This is my review of When the Money Runs Out: The End of Western Affluence by Stephen D. King.
Frustrated by politicians' refusal to admit that western economies may be in permanent decline, and their wrangling over austerity versus stimulus as the key to restoring growth which may be a chimera, I leapt eagerly on King's topical book.
I like King's rejection of economists' recent preoccupation with obscure models, and his concern to take historical, political and social factors into account, although I think some of his analyses would make academics in these disciplines wince.
The most original aspects seem to be his comparisons between the current situation and previous events, such as the decline after a period of promising growth of both Argentina and Japan, the bubble of "subprime" investment in the original American railroads, or the crises of the 1990s from which "Tiger economies" like South Korea or Malaysia, recovered quickly owing to their lack of a sense of entitlement, or so the author claims.
His examination of the recent financial crisis is clear, but has already been well-covered elsewhere. Yet his approach to economic terms seems inconsistent: the "loss aversion" which occurs in periods of stagnation is defined at some length, but I am not aware that he explains at any point how bond yields work, or the difference between monetary and fiscal policies, all crucial to an understanding of the economy. A glossary of economic terms would have been useful.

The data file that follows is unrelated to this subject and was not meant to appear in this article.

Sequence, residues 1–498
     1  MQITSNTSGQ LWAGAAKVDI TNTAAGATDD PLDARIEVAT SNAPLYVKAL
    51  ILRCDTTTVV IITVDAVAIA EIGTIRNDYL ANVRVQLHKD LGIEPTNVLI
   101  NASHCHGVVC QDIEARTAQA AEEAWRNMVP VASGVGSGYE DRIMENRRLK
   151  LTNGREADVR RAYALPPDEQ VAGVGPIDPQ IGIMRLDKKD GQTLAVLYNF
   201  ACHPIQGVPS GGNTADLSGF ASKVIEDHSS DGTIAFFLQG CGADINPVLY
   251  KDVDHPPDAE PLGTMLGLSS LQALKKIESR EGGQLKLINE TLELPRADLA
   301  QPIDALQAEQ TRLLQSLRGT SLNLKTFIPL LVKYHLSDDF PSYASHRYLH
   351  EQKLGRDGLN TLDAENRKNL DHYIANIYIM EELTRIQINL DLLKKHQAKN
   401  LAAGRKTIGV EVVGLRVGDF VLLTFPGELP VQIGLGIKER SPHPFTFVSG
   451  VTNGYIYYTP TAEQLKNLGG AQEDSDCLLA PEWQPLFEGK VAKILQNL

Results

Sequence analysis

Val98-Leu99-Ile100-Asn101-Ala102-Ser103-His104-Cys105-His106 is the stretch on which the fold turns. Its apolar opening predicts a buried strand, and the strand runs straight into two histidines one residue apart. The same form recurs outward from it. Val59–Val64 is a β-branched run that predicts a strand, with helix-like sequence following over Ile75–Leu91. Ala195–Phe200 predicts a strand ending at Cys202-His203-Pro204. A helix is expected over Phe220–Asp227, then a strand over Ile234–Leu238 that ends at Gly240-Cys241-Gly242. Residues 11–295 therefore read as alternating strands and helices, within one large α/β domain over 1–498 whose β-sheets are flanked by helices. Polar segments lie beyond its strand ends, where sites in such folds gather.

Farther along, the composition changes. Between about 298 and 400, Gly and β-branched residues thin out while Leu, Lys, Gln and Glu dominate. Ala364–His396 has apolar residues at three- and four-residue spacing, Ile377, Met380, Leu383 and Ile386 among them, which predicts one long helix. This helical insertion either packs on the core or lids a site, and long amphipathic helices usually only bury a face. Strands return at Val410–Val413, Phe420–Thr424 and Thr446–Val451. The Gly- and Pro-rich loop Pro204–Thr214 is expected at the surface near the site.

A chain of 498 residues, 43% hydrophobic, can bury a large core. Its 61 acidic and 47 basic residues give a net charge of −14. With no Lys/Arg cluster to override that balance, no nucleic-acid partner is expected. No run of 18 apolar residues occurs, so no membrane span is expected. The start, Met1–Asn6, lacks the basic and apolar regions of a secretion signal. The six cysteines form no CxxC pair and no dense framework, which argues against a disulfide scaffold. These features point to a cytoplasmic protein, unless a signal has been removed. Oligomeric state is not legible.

There is a good deal of space-taking repetition and some of his observations seem unduly subjective and perhaps a little confused, such as frequent references to the guilty role of "baby boomers" who are "having their cake and eating it". Does he expect this group to opt for early euthanasia so they can hand their ill-gotten share of resources on to the next generation?
I was disappointed by his recommended policies, which are presented in a rather rushed and woolly fashion in the final chapter. Some, too complex to explain fully here, on say, rating creditors for the quality of their decisions, or setting up "fiscal clubs" or encouraging more mobility of labour seem too theoretical, taking little account of the realities of nationalism, democracy or the implications for local services. Other policies seem based on flimsy arguments: I am unconvinced that banks have been forced to pursue risky ventures promising higher profits by the need to subsidise such "social commitments" as ATMs, or telephone and internet banking services for small savers.